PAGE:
The discussion of colorblindness has traditionally used a single dimensional table (a list). A few authors have attempted to provide flow diagrams(Jimenes-Sierra et al.)but this has usually highlighted conflicts in the historical terminology. The following figure adds precision to the above terms by organizing them into a two dimensional matrix [18.1.2-1]. In this matrix, subjects defined as FUNCTIONAL TRICHROMATS, which includes those with intrinsic achromatopia, (the predominant type of achromatopes) are seen to possess the normal sensory capabilities of the functional trichromat but to not process the resulting signals properly. The letters in this table can be related to the OVERALL BLOCK DIAGRAM presented above.

Table of color abnormalities

Primary references:

Elements of the following papers were used in formulating this page. However, not all of the ideas presented in these papers are supported here. This is particularly true of the statements made in the introductory paragraphs of these papers.

Acland et al. (2001) Nature Genetics, vol. 28, pp 92-95

Alexander, J. Umino, Y. et al. (2007) restoration of cone vision in a mouse model of achromatopsia Nature Medicine May 21 Brief Communication in the 21 May edition.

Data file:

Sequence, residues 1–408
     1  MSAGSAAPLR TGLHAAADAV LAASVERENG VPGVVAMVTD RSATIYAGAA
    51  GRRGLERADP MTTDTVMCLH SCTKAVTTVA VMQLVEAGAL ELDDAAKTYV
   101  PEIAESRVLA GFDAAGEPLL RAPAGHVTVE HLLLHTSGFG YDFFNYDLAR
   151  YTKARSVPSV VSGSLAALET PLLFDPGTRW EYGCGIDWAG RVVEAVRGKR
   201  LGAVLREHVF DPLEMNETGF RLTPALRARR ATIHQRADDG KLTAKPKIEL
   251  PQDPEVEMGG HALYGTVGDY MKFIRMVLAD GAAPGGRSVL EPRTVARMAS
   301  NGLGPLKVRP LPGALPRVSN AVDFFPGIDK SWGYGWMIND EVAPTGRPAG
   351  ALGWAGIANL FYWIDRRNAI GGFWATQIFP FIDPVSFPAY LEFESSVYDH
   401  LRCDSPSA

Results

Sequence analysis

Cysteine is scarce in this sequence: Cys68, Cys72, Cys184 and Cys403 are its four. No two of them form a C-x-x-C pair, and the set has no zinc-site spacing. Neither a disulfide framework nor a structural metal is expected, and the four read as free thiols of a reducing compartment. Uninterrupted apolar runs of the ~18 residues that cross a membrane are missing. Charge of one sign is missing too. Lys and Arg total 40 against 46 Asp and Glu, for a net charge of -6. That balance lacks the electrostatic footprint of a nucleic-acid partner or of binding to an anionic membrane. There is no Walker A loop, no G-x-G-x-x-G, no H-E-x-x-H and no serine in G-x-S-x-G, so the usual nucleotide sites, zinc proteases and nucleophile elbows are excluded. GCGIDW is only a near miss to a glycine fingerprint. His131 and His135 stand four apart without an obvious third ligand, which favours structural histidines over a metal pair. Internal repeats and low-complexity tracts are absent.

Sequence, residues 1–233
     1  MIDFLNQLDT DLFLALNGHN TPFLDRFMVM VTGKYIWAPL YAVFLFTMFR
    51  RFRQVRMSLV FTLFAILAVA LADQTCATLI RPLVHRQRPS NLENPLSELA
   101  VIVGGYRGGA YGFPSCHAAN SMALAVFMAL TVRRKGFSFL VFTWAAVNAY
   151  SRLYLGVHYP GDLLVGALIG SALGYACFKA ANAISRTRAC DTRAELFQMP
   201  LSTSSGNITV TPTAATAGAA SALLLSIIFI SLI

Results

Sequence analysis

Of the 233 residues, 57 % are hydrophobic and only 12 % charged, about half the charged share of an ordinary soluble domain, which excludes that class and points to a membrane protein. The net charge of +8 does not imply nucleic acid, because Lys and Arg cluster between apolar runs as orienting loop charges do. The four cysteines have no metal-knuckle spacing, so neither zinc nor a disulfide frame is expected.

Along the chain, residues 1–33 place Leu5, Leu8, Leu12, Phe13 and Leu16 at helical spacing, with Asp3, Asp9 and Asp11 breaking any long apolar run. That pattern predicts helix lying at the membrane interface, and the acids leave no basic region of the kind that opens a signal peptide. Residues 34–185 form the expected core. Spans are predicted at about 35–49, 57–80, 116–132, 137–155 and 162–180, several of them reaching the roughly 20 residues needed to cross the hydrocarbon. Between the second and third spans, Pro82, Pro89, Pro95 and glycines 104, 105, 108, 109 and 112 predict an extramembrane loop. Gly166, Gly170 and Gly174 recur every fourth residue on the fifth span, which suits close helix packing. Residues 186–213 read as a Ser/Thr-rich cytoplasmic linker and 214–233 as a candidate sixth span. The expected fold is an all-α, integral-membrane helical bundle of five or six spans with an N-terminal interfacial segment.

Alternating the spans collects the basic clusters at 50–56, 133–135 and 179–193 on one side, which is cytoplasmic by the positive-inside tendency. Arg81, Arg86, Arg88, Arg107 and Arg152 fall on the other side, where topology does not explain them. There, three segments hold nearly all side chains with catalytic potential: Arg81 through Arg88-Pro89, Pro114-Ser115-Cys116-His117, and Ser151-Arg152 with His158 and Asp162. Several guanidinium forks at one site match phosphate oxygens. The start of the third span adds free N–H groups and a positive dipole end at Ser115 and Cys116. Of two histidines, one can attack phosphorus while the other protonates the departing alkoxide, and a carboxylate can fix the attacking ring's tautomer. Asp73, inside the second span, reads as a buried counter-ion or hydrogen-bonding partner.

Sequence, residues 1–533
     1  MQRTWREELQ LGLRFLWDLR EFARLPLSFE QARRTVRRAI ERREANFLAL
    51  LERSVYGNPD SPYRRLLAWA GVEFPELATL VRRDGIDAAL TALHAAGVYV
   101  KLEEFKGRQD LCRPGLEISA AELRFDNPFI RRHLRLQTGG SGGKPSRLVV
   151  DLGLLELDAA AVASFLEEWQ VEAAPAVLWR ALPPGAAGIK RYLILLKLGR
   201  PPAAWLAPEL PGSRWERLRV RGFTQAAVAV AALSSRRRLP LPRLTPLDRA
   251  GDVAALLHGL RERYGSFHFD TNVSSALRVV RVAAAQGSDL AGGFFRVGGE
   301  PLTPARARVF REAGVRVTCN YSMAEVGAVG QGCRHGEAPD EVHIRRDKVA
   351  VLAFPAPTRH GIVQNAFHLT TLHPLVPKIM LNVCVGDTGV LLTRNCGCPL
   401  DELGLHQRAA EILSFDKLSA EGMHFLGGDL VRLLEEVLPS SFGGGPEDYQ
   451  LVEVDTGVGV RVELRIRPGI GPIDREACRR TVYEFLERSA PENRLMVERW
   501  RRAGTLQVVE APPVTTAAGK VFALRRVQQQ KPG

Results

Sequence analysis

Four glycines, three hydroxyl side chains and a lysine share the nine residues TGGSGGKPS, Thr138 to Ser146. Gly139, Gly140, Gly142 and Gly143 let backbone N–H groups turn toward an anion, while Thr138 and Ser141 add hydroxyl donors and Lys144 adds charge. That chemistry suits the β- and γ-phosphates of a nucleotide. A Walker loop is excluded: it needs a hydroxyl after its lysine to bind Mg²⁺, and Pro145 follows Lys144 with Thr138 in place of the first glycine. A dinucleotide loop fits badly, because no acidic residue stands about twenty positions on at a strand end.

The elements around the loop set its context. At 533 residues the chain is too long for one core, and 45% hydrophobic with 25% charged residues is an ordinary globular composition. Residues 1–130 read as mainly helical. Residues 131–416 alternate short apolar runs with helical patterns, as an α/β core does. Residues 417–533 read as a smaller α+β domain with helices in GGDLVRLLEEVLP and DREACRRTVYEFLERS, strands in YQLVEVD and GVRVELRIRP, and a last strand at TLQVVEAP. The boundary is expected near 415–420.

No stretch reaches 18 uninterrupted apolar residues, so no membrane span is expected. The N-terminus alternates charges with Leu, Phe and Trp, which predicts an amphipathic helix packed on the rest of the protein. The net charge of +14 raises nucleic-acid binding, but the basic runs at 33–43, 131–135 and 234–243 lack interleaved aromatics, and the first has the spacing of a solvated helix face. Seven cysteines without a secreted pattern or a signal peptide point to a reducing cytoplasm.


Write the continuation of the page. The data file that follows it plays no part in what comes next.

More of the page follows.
Biel, M. et al. (1999) Selective loss of cone function in mice lacking the cyclic nucleotide-gated channel CNG3 Proc. Natl. Acad. Sci. vol. 96, pp 7553-7557

Brody, J. et al. (1970) Hereditary blindness among Pingelapese people of Eastern Caroline Islands. The Lancet, June, pp 1253-1257

Bennett, J, et al. (1999) Stable transgene expression in rod photoreceptor after recombinant adeno-associated virus-mediated gene transfer to monkey retina.

Chang, B. et al. (2006) Cone photoreceptor function loss-3, a novel mouse model of achromatopsia due to a mutation in GNAT2 Invest Ophthal & Visual Sci vol 47(11) pp 5017-5021 Carr, R. et al. (1971) Achromatopsia in Pingelap Islanders. American Journal of Ophthalmology. vol. 72, no. 4, pp 746-756

Jimenez-Sierra, J. et al. (1989) Inherited Retinal Diseases: A Diagnostic Guide. St. Louis, MO: C. V. Mosby

Kohl, S. et al. (2000) Mutations in the CNGB3 gene encoding the b-subunit of the cone photoreceptor cGMP-gated channel are responsible for achromatopsia (ACHM3) linked to chromosome 8q21. Human Mol. Gen. Vol. 9, no. 14, pp 2107-2116

Lakowski, R. (1969) Theory and practice of colour vision testing: A Review. Part I and Part II. British Journal of Industrial Medicine. vol. 26, pp 173-189 & 265-288

Nordby, K. & Sharpe, L. (1988) The directional sensitivity of the photoreceptors in the human achromat. J. Physiol. vol. 399, pp 267-281

Sundin, O. et al. (2000) Genetic basis of total colourblindness among the Pingelapese islanders. [Letter] Nature Genetics, vol. 25, pp 289-293